“…that it is to report on how our nation is faring after this year of change, and to share the prospects we can look forward to in the year ahead.”
Mr Speaker, the Constitution mandates the President to tell us the steps he is to take to make sure that we realise the objectives enshrined in Constitution.
Mr Speaker, last year, the President read a 16-page State of the Nation
Address. This year, he has increased it to 21 pages. In his 16-page Address last year, the President outlined a litany of promises that he claimed he was going to do, and steps that he would take to fulfil them.
Mr Speaker, permit me to read out just three of them because of time. The seventh one says: “establishment of a multi- purpose industrial park in each of the ten regions.” The eighth one also states: “implementation of comprehensive programme for SME development targeting, primarily, regional and continental markets” and the last one, which is the thirteenth point, also says: “establishment of permanent consultative forum for public-private sector dialogue”.
Mr Speaker, the President catalogued 13 items in his 2017 State of the Nation Address, and I thought that this year, I would have seen a catalogue of items that have been fulfilled out of these, so that I can know the key performance indicators that we can use to judge the President.
Mr Speaker, therefore, this time around, if the President came again with another litany of promises, it shows clearly that he had come in fulfilment, only of his constitutional mandate, but had not told this House and the good people of Ghana, the steps that he was taking to fulfil those requirements.
Mr Speaker, the President has acknowledged the fact that Ghana's multi- purpose democracy has reached 25 years of silver jubilee, and we all applauded. My expectation was that the President would have informed this country that indeed, his predecessors had started with what we call the Constitutional Review Programme.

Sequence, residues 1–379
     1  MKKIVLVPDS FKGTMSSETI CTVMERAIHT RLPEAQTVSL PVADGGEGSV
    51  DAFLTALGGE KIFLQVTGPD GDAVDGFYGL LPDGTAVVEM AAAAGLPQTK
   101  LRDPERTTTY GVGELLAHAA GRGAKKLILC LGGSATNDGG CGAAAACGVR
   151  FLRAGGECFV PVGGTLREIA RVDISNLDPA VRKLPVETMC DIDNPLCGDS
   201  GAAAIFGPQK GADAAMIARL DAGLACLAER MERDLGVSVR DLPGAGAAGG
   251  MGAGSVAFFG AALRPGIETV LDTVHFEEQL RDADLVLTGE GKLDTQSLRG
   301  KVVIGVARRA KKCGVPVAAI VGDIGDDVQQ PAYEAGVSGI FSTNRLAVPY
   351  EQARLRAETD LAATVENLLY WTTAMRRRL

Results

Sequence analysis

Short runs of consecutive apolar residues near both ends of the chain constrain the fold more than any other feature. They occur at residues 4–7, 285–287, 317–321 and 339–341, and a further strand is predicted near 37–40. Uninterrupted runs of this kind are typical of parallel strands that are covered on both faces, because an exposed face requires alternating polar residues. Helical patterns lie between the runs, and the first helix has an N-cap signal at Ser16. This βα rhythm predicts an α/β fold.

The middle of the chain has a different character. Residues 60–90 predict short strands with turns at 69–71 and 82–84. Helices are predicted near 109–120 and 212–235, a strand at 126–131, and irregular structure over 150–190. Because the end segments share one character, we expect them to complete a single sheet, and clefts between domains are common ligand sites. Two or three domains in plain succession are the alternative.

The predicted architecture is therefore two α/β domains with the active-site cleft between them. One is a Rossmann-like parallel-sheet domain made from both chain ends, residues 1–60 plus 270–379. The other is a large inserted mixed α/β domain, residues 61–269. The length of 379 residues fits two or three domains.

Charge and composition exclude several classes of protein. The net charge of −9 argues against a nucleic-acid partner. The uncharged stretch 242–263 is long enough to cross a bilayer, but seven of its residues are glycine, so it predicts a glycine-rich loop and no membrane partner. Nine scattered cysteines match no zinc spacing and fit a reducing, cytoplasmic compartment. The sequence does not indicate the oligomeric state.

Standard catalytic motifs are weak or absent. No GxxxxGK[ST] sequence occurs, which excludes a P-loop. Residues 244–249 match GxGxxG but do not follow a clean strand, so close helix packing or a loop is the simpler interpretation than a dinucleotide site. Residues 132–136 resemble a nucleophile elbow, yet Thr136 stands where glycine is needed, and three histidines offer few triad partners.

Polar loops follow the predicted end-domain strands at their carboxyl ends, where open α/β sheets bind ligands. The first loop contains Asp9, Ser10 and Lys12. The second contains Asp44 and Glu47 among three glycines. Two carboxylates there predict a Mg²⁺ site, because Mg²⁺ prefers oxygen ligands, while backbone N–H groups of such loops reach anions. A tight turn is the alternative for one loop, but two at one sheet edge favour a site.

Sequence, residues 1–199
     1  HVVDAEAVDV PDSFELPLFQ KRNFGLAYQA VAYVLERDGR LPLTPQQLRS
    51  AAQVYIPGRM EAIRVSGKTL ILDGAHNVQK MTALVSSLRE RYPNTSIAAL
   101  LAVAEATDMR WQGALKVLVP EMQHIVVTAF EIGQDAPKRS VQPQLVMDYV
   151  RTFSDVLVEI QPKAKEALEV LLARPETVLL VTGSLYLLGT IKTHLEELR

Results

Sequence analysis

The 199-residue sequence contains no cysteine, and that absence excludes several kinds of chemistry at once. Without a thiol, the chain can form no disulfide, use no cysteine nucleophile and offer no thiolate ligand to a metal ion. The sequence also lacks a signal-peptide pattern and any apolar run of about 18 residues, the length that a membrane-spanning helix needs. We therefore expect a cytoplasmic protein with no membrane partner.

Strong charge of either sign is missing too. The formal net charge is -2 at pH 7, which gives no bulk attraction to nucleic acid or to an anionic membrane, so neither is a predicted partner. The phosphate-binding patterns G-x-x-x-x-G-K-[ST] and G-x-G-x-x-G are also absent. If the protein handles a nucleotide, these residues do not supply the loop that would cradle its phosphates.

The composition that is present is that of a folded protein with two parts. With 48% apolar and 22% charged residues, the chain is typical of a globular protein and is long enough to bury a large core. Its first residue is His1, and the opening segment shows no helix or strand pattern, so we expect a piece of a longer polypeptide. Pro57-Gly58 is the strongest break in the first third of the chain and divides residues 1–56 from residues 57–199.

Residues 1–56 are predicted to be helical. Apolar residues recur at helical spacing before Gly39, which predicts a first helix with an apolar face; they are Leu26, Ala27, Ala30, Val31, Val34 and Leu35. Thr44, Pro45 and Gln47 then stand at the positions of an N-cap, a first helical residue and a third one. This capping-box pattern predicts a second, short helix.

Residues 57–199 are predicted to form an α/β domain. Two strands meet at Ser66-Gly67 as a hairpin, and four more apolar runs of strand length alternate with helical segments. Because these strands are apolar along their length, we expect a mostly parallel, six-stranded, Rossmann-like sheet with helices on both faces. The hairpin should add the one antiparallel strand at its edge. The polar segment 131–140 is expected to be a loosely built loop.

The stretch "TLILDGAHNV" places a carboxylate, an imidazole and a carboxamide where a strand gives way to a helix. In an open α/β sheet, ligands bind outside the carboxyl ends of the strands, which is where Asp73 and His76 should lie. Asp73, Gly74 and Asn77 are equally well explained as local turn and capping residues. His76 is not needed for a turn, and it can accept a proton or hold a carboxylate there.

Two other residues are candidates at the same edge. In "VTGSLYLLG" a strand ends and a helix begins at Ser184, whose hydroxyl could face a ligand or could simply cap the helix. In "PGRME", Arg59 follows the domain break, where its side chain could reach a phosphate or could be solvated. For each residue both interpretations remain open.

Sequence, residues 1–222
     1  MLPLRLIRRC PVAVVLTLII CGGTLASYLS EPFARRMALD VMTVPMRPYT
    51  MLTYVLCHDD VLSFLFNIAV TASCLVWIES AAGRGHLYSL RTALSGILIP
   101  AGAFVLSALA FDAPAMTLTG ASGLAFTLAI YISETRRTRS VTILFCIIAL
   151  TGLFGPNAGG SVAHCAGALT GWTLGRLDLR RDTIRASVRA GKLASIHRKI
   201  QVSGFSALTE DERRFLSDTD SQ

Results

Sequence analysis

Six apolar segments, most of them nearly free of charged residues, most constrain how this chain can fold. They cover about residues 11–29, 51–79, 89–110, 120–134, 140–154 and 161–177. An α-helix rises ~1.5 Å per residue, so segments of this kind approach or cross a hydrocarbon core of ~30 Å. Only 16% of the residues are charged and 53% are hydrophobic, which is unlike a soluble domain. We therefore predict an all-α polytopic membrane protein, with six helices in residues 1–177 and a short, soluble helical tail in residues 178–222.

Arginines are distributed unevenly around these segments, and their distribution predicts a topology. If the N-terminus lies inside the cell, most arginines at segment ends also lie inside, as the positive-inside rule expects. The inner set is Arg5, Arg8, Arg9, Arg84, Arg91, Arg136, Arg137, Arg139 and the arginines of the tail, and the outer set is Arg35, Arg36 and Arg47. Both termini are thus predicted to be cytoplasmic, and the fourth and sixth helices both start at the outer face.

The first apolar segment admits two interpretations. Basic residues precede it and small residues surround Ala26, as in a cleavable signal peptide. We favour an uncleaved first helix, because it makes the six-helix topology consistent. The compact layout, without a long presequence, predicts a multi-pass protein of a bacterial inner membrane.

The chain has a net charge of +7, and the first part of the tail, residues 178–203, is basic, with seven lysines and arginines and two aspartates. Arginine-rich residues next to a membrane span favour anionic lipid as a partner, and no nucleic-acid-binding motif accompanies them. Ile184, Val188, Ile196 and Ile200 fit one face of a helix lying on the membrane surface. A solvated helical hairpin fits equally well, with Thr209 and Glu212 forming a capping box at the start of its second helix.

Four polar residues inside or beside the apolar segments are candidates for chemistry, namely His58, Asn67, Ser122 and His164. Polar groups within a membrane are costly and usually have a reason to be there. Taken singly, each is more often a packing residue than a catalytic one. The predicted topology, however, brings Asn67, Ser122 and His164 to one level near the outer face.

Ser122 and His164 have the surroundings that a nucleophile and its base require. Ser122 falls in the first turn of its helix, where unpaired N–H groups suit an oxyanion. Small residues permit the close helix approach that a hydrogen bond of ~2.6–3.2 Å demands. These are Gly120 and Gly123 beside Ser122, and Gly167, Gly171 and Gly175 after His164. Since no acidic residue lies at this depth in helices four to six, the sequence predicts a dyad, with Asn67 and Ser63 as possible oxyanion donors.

Mr Speaker, taxpayers' moneys have been spent on the Constitutional Review Programme, and so I was expecting His
Excellency to come out to tell us that indeed, with the Constitutional Review Programme, this and that were some of the steps he was taking, either to throw away the White Paper, or to accept some of the recommendations from the Constitutional Review Programme.
We are in 25 years -- silver jubilee -- of this democracy, and nothing has been said by His Excellency the President on the Constitutional Review Programme.
Mr Speaker, indeed, the President has apologised for a Bill that he has promised to bring to this House.
Mr Speaker, if we would want to fight corruption, then one of the things that I was expecting His Excellency to bring to this House was the Right to Information Bill. Last year, we were all told that the Right to Information Bill would be presented to this House.
If really we would want to fight corruption, then we would indeed need the Special Prosecutor, but we would also need information from the Ministries, Departments and from all Agencies. But where is the Right to Information Act, and where is the Bill that we all worked on in the Sixth Parliament, to the extent that we had gotten to the Consideration Stage? This Bill did not find space in the President's State of the Nation Address.
Mr Speaker, indeed, are we really ready to fight corruption? Is it only about the Special Prosecutor? Or would we need information from other Ministries, Departments and Agencies that we can fight corruption with? This was also lacking in the President's State of the Nation Address.
Mr Speaker, when it comes to infrastructure, I am so passionate about development. But I have not seen anything about infrastructure in this State of the Nation Address. Why? My expectations have been dashed because the President only mentioned a few things.
Mr Speaker, one of the key sectors in this country has to do with sanitation, and last month, January, no less a person than the Ambassador to Austria, H.E Andrew Banks, tweeted on his account about the sanitation in Ghana, and in it he said, “the scene this morning near our High Commission encouraged the local authority to step up its effort to meet the President at the Flag Staff House Ghana, promise to make Accra the cleanest city in Africa by 2020.” This is from no less a person than the Ambassador to Austria.
Mr Speaker, we should go to our cities, and Accra that we all tout to be the cleanest city. Today, after one whole year in government, Accra is dirtier as per the assertion by a whole Ambassador. Are we going forward or coming backwards? That has to do with only one part of our infrastructure.
Mr Speaker, the President also came to this House, and I would want to use this opportunity to correct Mr President on the Ewe that he spoke. As an Ewe, we do not say, “Nuveve du veve me wo da ne”, to which he wanted to say, “Nuveve, veveze me wodane le” — [Hear! Hear!] — This is the meaning of the fact that, if one wants to cook an important meal, one puts it in an important pot. [Interruption.] Yes he gave the translation but he should have asked me to do it for him.
Mr Speaker, the President spoke about one of the major roads — a thousand kilometre road that spans from the southern sector to the northern sector,